Richard Strauss died 60 years ago this year. Not only is he one of my top ten favourite composers, he is also the one I would most like to be cast away with on an island so that I could pluck out the heart of his mystery.
His subtleties are infinite, especially his constant, minute innovations, always designed to improve existing models but rejecting crude revolutions, so noisily intrusive in his time. I would like to explore his early works, like the tone poem Macbeth and his symphonies, Brahmsian exercises never performed today, and get to know all his operas including the weird Guntram (1892) and his last great masterpiece Capriccio, written 60 years later.
But plucking that complex heart requires a knowledge of German. I recall the first time I saw Rosenkavalier, at the East Berlin opera house in 1955. It has since become one of the four works I regard as perfect musical plays, alongside Figaro, Carmen and La Bohème, and I relished it enormously at the time. But my next-door neighbour at the performance, old Birley, Eton headmaster and a notable Germanophile, said: "Oh, but to enjoy this delicious piece you must know German very well, to follow the slang, literary allusions and sheer comic devilry of the Marschallin's lines, written by that genius Hugo Von Hofmannstal, and set to music perfectly by Strauss, who was fonder of a joke than any other composer." (Indeed there is a famous joke in the last ten bars of the opera when the black page, Mohammed, returns to pick up the handkerchief.) Birley added: "Oddly enough, though they collaborated perfectly, Strauss hardly ever met his best librettist. They did it all by correspondence, much the best way. Strauss thought him too domineering."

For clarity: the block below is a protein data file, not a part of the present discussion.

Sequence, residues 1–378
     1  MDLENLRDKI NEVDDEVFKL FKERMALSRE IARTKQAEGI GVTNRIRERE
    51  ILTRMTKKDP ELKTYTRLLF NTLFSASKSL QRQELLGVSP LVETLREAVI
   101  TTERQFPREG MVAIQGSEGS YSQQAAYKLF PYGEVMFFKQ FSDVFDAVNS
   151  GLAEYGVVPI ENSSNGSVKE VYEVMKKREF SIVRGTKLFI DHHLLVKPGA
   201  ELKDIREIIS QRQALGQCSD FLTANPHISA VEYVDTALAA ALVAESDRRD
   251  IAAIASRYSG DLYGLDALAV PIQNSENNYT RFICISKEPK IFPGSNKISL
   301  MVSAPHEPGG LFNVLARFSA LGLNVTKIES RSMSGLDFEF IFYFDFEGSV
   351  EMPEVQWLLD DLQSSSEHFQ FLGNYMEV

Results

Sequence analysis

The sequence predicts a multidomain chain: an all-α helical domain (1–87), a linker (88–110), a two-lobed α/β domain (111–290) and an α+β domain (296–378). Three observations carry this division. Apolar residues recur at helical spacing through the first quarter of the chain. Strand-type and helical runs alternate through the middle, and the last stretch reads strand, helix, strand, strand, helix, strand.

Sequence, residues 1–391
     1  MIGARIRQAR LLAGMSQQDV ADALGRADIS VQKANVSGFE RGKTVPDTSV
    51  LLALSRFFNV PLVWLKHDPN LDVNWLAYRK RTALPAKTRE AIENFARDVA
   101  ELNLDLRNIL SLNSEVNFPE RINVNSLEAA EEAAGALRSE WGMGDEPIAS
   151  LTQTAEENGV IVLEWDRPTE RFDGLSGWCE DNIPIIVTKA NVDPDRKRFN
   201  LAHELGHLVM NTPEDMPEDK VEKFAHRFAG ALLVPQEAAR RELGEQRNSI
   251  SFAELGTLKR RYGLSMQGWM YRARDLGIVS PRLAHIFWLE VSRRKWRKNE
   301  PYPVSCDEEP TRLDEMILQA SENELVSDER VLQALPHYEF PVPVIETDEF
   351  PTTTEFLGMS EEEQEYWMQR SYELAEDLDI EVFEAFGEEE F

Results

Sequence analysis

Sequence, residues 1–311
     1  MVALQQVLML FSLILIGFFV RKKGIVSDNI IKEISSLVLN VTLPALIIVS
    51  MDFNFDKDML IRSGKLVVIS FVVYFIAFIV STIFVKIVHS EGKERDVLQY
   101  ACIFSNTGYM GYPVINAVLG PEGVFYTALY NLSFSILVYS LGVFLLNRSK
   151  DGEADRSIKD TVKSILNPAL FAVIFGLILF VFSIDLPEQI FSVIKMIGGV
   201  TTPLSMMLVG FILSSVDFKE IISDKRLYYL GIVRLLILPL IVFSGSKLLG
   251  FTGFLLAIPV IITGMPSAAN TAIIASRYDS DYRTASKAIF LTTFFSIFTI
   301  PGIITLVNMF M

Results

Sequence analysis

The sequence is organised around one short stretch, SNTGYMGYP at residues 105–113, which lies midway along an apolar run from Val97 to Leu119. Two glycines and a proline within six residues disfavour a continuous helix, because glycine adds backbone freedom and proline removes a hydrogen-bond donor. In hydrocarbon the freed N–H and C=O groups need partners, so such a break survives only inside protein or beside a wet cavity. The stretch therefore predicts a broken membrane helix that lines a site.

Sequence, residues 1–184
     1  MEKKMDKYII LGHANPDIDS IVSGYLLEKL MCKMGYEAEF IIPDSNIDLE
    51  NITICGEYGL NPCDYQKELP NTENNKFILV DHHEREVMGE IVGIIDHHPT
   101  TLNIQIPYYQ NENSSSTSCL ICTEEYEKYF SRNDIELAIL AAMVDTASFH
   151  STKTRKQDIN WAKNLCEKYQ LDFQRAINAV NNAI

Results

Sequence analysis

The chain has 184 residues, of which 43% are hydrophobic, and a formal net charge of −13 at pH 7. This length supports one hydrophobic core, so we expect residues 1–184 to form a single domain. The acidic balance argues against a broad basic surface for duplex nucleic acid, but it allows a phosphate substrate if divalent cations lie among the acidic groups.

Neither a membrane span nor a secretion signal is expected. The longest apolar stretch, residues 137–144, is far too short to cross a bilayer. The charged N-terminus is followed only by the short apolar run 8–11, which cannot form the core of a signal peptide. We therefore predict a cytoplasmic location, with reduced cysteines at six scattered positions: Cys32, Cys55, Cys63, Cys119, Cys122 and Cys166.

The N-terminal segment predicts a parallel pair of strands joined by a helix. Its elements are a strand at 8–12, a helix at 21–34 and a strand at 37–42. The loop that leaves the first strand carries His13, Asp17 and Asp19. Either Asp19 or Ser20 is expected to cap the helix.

It was Strauss's fate to be pushed about by bullies all his life. Tall, gangling, easy-going, loving to laugh while he drank his mother's beer (she was a Pilsner heiress called Josie Pschorr) or playing an interminable card game called Skat, he was a child prodigy. Like Mozart, he was masterminded by his father, Franz, who played first horn in the Munich Court Orchestra for half a century. It was bossy Franz who wrote, or rewrote Siegfried's famous horn-call. But he detested Wagner as a person (who didn't?) and as a composer, and forbade the boy Richard to have anything to do with his music. Or anyone else's after Beethoven. So the teenage boy had to read the full orchestral score of Tristan and Brahms's Fourth by candlelight in the secrecy of his bedroom. Still, his old man was useful in getting the members of his band to teach his son all they knew.